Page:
We have been hearing a lot about cloud computing these days and this technology has gained a lot of momentum now. But cloud security still remains a concern for everyone. Which is a better option: private or public cloud? Let’s take a look.
Public Cloud : A public cloud is nothing but outsourcing your data centre. An external company offers up its data centre for rent and one can choose the number of servers or the amount of storage that needs to be run there, as well as applications. It can then be accessed remotely from a PC. The USP of this model is cost saving. You save your hardware cost as well as its maintenance and staffing cost.
There is also a widely adopted “pay as you go” model with public clouds, allowing you to rent the space from as little as an hour – often used by developers testing applications – up to months or years. The public cloud space is dominated by players like Amazon and Google although smaller companies like Elastic Hosts are getting in on the act too whilst firms like Salesforce.com offer the ability to run a single application in the cloud.
Private Cloud : A private cloud is a more personal environment. This model keeps all of your physical hardware within your own location, meaning the day to day running of the systems, maintenance, and – most importantly – security aspects, are run in house.
This is more helpful to larger institutions like banks or the public sector, who are concerned about their security of their data. EMC is a large advocate of this but many of the other hardware vendors such as HP, IBM and Dell offer software solutions and specifically designed products to cope with the new environment
Pros and Cons
Both the above are acceptable and workable models but they come with their own positives and negatives. Businesses that use public cloud can enjoy the benefits that come with any large scale deployment such as highly available, enterprise class infrastructure, but at a fraction of the cost. Also when you sign up to fit out your data centre with all the products you need, companies can end up locked in and stuck with those products for a very long time.
The pay as you go model adopted within the public cloud means if you aren’t happy with the service you are receiving there is no such thing as vendor lock- in and you can jump ship at any time – but only if such clouds work on the same standards and are interoperable.
However, the flip side of this coin is businesses are concerned about the security of their data. For some companies the idea of letting anything out from their boundary is a terrifying prospect. In a large scale data centre owned by a public cloud company, you would not know whereabouts of your data and who else had their data running on the same machines.
The companies insist that there is strong security measures put in place but this means you would need to have a lot of trust in whichever firm you went with. On top of that we know the providers look at the data – Google has admitted publicly it looks at data for marketing purposes.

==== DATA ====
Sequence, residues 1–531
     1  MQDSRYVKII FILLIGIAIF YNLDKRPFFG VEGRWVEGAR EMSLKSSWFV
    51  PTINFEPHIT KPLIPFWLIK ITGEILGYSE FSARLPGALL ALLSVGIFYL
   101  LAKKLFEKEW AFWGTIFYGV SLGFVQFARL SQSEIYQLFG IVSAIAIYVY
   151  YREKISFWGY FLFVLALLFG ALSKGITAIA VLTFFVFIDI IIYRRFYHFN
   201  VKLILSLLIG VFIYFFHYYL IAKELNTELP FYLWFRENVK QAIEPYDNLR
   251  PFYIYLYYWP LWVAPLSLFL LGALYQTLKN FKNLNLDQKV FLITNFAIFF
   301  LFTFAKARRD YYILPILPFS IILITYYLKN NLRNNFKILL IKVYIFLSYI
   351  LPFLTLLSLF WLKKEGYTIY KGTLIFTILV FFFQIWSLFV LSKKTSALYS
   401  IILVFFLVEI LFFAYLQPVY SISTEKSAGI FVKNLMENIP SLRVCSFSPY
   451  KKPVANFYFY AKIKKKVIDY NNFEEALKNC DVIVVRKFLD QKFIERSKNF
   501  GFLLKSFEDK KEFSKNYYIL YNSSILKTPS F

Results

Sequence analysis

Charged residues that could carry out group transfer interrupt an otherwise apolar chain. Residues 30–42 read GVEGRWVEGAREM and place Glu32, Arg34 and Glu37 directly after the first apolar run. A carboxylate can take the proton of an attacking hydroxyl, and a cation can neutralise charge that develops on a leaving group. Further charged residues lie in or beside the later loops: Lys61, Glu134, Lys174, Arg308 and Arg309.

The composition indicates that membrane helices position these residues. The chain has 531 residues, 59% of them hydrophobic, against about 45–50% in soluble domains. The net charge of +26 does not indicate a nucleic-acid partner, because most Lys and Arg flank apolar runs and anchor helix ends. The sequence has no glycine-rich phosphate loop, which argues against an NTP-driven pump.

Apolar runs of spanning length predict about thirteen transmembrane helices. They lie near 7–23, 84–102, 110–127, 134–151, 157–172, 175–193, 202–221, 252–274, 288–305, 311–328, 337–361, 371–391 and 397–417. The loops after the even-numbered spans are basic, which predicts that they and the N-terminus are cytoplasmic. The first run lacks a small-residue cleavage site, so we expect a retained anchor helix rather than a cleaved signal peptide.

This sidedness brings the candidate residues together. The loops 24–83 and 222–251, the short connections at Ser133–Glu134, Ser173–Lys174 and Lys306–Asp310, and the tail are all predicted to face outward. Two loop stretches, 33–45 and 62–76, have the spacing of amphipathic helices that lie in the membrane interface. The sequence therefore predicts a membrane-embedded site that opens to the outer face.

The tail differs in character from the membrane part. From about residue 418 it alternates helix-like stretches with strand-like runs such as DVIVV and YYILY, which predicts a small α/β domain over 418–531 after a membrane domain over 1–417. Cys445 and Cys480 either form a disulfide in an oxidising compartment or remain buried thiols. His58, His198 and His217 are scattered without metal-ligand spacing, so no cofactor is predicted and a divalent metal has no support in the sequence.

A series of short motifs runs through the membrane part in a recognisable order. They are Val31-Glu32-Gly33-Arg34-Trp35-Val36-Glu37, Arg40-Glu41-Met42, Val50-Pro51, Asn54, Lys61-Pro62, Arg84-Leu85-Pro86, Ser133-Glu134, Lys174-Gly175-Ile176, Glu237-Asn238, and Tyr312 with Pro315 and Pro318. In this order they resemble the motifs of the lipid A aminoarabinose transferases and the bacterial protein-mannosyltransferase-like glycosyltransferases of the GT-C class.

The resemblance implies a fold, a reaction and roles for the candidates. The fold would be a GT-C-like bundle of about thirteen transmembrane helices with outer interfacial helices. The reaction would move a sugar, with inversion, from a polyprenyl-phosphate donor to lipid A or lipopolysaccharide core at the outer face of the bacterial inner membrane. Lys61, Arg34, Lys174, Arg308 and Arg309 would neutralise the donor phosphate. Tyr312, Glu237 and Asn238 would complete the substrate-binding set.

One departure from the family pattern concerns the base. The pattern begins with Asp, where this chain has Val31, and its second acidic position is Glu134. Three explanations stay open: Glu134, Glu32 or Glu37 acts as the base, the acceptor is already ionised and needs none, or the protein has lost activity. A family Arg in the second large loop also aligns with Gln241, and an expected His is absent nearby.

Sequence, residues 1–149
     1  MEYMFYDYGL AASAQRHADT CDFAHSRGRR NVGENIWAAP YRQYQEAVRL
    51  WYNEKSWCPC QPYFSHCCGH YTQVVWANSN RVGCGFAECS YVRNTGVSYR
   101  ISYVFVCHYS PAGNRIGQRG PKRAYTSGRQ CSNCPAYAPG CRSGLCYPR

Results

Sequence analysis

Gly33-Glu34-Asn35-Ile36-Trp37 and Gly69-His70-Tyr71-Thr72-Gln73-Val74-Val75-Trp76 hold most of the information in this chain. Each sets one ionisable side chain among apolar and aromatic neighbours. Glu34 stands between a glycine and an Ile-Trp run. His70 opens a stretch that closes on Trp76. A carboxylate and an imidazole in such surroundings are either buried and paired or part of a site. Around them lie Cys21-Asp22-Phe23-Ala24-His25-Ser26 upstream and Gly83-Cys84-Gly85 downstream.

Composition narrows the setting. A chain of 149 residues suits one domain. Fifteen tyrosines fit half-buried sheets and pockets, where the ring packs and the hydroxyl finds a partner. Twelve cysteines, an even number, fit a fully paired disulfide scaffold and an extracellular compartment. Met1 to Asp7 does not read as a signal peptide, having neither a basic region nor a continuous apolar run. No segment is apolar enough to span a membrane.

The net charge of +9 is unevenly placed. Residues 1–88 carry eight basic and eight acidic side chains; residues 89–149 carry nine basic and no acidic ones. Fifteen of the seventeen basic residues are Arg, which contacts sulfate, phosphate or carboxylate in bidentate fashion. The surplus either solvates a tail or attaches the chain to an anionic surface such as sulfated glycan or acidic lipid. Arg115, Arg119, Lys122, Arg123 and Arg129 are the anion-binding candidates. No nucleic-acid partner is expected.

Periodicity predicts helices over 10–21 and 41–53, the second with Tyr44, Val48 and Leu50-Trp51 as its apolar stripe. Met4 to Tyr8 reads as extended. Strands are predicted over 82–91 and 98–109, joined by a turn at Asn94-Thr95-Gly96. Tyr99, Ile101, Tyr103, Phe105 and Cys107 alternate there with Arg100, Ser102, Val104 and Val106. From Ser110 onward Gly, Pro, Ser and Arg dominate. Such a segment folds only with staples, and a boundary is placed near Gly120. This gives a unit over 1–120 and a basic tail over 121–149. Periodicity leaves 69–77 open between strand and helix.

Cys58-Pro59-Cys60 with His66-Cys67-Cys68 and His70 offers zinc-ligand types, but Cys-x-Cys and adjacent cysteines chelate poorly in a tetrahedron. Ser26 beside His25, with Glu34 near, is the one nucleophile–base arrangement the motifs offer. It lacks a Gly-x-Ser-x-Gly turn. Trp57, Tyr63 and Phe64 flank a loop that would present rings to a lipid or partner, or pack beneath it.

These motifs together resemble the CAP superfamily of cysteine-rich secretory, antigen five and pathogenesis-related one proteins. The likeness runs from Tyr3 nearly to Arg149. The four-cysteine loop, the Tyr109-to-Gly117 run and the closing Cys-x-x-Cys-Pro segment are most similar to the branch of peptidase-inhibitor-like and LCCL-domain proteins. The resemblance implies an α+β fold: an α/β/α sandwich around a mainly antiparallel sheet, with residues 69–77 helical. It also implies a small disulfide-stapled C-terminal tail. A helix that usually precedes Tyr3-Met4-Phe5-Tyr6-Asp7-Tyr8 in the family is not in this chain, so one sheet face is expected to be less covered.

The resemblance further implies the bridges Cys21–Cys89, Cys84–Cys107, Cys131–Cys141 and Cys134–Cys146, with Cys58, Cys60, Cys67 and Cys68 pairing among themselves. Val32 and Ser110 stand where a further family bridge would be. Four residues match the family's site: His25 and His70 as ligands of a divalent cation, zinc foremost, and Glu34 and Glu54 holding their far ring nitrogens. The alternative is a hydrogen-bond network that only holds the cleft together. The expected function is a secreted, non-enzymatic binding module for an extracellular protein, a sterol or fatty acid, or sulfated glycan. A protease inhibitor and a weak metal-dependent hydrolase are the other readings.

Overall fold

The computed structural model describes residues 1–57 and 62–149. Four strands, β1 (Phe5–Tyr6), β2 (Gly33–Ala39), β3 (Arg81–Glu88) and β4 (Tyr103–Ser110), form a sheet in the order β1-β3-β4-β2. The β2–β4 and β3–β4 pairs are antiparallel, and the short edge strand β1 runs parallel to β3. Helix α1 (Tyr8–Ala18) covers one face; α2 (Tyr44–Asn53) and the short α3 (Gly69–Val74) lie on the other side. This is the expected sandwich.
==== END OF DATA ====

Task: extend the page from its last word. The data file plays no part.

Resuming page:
Also, despite the claims of high availability, public cloud vendor’s data centers are just like any other and can go down. It may not be often and also may be fixed quickly but your business could be left without accessibility to the core functions it needs to run.
So the alternative to this is private cloud. Businesses have the ability to fully customise their cloud environment. There is a lot of control when building a private cloud within your own data centre. The hardware chosen, the software chosen, the people taking care of the heartbeat of many an organisation are handpicked, all by you and your business.
A fully functioning virtualised data centre can really take advantage of those boxes and get the best out of them. Less physical machines still means many virtual ones and as well as lowering the total cost of ownership, the simple yet expensive elements of power and cooling take a cut too.
But yet again here comes the cost factor. Though it is cheaper and more productive than the traditional data centre but the cost is still higher as compared to the public cloud.
A business will be forced to purchase the entire infrastructure themselves to put a private cloud in place, forcing them into vendor lock-ins they may have preferred to escape. They will also have to invest considerably in maintaining their infrastructure.
So which is best ?
According to EMC, all clouds should be private as the organizations are totally in control of their environment. Yet equally large companies like Amazon Web Services are more vocal about the public cloud, and incredibly dismissive of the private model. However, there are companies who feel the future of cloud is hybrid cloud (a mixture of both). A move to hybrid cloud gives companies, particularly the larger ones, the best of both worlds.
Despite the pros and cons of both the models, and even with hybrid cloud, it all depends on the individual needs and the budget of the organization. A small business that doesn’t want to own a data center and IT staffs to run, can perhaps head for the public cloud. But an established business that has just invested in tons of infrastructure, can go for the private cloud.
One should opt for whatever is right for their business.